President Bush wants senators to renew civil rights legislation designed to stop racist voting practices in the American South. Mr. Bush spoke for the first time in his presidency to the annual meeting of the National Association for the Advancement of Colored People, nation's largest civil rights organization.
President Bush says Congress should finish work on a 25-year extension of provisions of the Voting Rights Act, which was first passed in 1965 to protect African-American voters in the South.
The House of Representatives has already passed the measure. President Bush called on senators to do the same, so he can sign the extension into law.
Speaking at a convention of the National Association for the Advancement of Colored People (NAACP) Mr. Bush said the legislation is needed because racism still lingers in America, nearly 100 years after the group's founding.
"We want a united America that is one nation under God, where every man and child and woman is valued and treated with dignity. We want a hopeful America, where the prosperity and opportunities of our great land reach into every block of every neighborhood," said Mr. Bush.
It was the president's first appearance before the group, having declined their invitation to speak the last five years. In this congressional election year, the president's Republican Party is trying to improve its image among African-Americans, who have voted solidly Democratic for decades.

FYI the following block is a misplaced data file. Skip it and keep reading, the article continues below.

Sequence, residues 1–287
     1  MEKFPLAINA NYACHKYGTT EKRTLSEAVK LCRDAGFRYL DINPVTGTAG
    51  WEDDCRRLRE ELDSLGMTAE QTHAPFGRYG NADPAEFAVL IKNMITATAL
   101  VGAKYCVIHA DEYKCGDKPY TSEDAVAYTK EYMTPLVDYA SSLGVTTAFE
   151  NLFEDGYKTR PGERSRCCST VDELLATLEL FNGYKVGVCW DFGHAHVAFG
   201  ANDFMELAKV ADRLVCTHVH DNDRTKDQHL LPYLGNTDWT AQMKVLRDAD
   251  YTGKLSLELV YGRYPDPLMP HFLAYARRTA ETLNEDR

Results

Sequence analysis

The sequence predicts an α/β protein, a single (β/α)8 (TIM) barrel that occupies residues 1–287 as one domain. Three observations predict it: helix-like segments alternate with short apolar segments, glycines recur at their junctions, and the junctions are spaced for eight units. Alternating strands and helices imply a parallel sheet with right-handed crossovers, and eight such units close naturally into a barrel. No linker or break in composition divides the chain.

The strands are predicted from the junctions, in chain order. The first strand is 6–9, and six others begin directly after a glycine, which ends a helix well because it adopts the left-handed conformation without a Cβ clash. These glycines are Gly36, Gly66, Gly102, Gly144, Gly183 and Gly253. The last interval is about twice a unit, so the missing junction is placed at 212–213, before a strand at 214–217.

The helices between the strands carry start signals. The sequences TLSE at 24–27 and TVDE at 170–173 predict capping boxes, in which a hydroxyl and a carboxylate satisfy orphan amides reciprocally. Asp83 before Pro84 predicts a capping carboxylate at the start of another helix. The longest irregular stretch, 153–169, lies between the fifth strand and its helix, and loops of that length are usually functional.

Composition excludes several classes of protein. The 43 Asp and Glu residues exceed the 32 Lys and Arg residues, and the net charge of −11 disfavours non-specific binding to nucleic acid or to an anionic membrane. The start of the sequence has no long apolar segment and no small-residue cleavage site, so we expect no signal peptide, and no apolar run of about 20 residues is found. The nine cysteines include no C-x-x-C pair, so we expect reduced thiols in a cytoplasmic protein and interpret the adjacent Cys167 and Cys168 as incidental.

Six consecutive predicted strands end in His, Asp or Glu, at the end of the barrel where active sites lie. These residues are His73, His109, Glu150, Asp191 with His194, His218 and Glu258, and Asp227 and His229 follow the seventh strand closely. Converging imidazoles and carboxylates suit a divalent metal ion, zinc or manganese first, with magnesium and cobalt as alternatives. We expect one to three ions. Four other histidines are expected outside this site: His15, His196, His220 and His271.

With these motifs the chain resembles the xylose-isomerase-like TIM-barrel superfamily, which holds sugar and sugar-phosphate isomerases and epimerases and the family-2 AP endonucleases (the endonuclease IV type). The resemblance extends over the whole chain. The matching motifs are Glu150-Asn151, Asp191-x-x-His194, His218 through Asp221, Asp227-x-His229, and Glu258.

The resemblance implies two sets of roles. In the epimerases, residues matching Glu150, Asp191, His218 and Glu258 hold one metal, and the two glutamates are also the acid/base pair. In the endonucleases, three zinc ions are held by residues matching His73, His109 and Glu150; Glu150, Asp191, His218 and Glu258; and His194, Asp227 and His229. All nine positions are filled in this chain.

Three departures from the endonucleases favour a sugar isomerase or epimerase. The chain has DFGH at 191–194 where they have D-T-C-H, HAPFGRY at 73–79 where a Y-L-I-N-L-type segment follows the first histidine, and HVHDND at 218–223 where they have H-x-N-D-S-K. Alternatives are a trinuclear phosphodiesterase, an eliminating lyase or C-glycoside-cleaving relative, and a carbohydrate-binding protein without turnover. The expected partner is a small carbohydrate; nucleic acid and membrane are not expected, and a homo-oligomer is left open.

Mr. Bush spoke of the need to rise above political differences to heal old wounds, and said he understands that many African-Americans distrust his Republican Party.
"I consider it a tragedy that the party of Abraham Lincoln let go of its historic ties with the African-American community," added Mr. Bush. "For too long, my party wrote-off the African-American vote and many African-Americans wrote-off the Republican Party."
Following last year's Hurricane Katrina, many African-American leaders criticized the Republican-led government's slow response to the disaster as racist, because many of those initially left without help were black.
President Bush says he has met several times with NAACP leaders to discuss rebuilding efforts along the Gulf Coast, and the need to ensure minority participation in that reconstruction.
"We've got a plan and we've got a commitment," he said. "And the commitment is not only to work together, but it's a commitment to the people of the Gulf Coast of the United States to see to it that their lives are better and brighter than before the storm."
A federal review of what went wrong following Hurricane Katrina found a breakdown in communication between federal, state and local officials. It also blamed bureaucratic red tape for delaying help to those affected by the storm.